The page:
"There are some things that you can't worry about if you can't change it and to be fair to Archbishop [Patrick] Pinder and the Catholic Board of Education, they have been carrying us for a long time -- even before my time," she said.
With teachers becoming more qualified, and having to be paid for being educated up to the master's degree level rather than just having their teaching certificates, Sister Marva said having a teacher with a master's
degree teach a class of 11 children did not economically add up.
"The Catholic Education board has carried us for a long time, and even with the subsidies from the Ministry of Education, there was always a constant struggle. It was like taking from Peter to pay Paul."
But she says she takes beautiful memories away with her.
"The biggest thing about St. Bede's School was that it was a family school. We had people who graduated and then had their children come and their children's children. We had a whole yard full of children from one family," she said.
This week, both Sister Marva and Mortimer are packing up their schools. Sister Marva said she has found herself getting teary-eyed as she does it. But she's also thankful for the eleventh and twelfth grade students from Aquinas College who are helping them to pack and clean up during their community service hours.
Some of St. Bede's School's many trophies will be placed in a showcase in the St. Bede's Church hall, which will not be closing. The school's banner will also remain in the church hall to allow for some sort of presence as many of the children that attended the school, also attend the church.
Come September, Sister Marva will be at St. Francis Joseph on the administrative team under principal Jacintha Goffe.
In the United States, home-schooling has grown from nearly extinct in the 1970s to approximately 2 million school-age students, according to reports -- as parents dissatisfied with the public school system turned to the appeal of schooling their children themselves at home. In The Bahamas the lure of home-schooling children has also taken hold...
The Honourable T. Desmond Bannister, Minister of Education Mrs. Elma Garraway, Permanent Secretary, Ministry of Education; Mr. Lionel Sands, Director of Education Mr. Julian Anderson, District Superintendent, Mrs. Myrtle McPhee, Principal, Anatol Rodgers High School Other Ministry of Education Officials and Officers: The family of the late Mrs. Anatol Rodgers School Board Members and P.T.A. Officers Staff and Students; Ladies and gentlemen, Good Morning. I am pleased to be here this morning for the official opening of the Anatol Rodgers High School. It was shortly after the school opened its doors in September, 2008 that the Government agreed to rename it in honour of Anatol Rodgers. We believed that this outstanding educator was due to have this modern state-of-the art edifice named in her honour.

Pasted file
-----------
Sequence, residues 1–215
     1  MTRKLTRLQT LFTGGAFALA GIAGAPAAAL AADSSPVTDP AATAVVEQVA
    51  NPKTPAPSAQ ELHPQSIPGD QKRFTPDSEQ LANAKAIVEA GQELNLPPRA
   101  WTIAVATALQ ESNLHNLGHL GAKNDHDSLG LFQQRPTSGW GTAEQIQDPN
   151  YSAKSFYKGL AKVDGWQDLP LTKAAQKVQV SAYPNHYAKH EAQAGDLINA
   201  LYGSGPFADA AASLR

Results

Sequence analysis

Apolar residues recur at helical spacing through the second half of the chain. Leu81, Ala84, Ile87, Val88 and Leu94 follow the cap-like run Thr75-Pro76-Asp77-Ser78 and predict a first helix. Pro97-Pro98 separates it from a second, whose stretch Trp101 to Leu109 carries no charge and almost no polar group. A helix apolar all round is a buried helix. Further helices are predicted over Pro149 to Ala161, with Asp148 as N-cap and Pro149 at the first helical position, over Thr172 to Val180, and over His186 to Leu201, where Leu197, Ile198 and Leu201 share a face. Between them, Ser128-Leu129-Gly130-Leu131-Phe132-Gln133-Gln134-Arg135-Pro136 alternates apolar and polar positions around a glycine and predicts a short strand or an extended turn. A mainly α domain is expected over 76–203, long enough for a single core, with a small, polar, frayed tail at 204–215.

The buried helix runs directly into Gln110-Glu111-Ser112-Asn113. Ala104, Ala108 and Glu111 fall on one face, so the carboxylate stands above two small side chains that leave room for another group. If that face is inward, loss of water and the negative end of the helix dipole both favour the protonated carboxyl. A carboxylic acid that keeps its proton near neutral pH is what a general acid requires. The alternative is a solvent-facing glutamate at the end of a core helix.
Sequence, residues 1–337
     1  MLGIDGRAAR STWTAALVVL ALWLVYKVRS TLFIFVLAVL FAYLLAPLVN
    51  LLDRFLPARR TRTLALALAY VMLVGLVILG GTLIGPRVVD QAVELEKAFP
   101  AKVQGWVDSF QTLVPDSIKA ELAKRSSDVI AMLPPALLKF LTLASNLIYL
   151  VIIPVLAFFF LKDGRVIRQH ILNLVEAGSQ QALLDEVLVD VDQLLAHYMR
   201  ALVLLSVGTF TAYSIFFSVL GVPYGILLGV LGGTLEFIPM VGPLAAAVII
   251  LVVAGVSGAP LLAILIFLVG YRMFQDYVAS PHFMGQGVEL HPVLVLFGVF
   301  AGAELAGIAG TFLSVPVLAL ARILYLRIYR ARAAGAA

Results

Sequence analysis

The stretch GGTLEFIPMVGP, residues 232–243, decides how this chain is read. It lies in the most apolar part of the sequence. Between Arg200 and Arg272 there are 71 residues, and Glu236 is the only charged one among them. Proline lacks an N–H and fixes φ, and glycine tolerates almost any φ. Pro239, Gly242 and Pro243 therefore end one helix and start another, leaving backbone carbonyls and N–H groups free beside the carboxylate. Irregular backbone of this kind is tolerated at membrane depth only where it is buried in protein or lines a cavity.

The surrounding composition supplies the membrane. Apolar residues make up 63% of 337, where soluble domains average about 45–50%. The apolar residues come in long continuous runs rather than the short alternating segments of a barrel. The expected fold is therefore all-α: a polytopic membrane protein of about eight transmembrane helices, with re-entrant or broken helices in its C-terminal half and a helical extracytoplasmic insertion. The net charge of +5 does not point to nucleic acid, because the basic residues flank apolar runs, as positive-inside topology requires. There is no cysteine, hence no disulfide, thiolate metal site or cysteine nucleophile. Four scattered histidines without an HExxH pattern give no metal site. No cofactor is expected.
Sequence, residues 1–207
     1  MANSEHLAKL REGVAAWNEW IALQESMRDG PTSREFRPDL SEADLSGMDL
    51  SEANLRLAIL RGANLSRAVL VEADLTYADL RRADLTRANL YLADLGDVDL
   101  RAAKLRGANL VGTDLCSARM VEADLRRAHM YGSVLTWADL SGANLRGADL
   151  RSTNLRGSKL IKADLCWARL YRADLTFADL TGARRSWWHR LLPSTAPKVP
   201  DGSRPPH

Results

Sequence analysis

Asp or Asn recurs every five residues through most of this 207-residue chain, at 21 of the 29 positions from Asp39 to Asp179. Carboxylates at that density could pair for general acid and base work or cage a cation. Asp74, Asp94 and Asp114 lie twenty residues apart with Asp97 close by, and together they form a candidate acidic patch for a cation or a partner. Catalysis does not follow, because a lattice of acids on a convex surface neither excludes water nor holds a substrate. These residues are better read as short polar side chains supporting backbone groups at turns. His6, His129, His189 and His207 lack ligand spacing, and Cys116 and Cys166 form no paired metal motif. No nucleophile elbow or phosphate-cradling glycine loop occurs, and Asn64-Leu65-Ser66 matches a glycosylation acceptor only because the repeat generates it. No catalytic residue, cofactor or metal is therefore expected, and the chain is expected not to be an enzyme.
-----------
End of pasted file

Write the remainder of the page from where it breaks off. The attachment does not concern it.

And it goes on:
The community-minded and public-spirited Oprah Winfrey often speaks of keeping a Gratitude Journal; an old idea which she made popular on her primetime daily show. The idea speaks to the importance of acknowledging those for whom we owe our gratitude.
Once again, the winning under-20 relay teams from the Scotiabank National High School Track and Field Championships are about to embark on a journey of a lifetime. Each year, the teams are afforded the opportunity to travel to the prestigious Penn Relays, courtesy of the Bahamas Association of Athletic Associations (BAAA). This year's teams are the St. Augustine's College (SAC) 4x100 meters (m) and 4x400m girls relay teams, the C.V. Bethel Stingrays senior boys 4x100m relay team, and for the third consecutive year, the Moore's Island All-Age senior boys 4x400m relay team. Those four teams will leave for the 118th running of the Penn Relays today.
"The exposure to the great athletic competition, the scholarships that are available and the incentives that are provided gives the BAAA the incentive to contribute sponsoring the winning teams," said BAAA Public Relations Officer Alpheus 'Hawk' Finlayson yesterday. "I just want you athletes to know that you will get an opportunity to see the best athletes in the United States, the Caribbean and the rest of the world," he added.
The event, also known as the Penn Relays Carnival, is the oldest and largest track and field competition in the United States. It has been hosted annually since April 21, 1895 by the University of Pennsylvania at Franklin Field in Philadelphia, Pennsylvania. This year's event, which is expected to attract over 100,000 spectators, will run from Thursday to Saturday. On a regular basis, more than 15,000 participants from high schools, colleges, and track clubs throughout North America and the region compete in more than 300 events.
The manager of the team is Lyndon Johnson, and the coaches are Dianne Woodside from SAC, Rupert Gardiner from C.V. Bethel, and Rev. Anthony Williams from Moore's Island All-Age. For the past three years, the incentive has been provided by the BAAA to the winning under-20 relay teams from the Scotiabank high school nationals, but recently, there has been some controversy as reports surfaced about C.V. Bethel not being represented at the Penn Relays by the winning team from the Scotiabank nationals. According to reports, the coach had plans to take other athletes from the school as opposed to the ones which ran and won the relay at the Scotiabank nationals.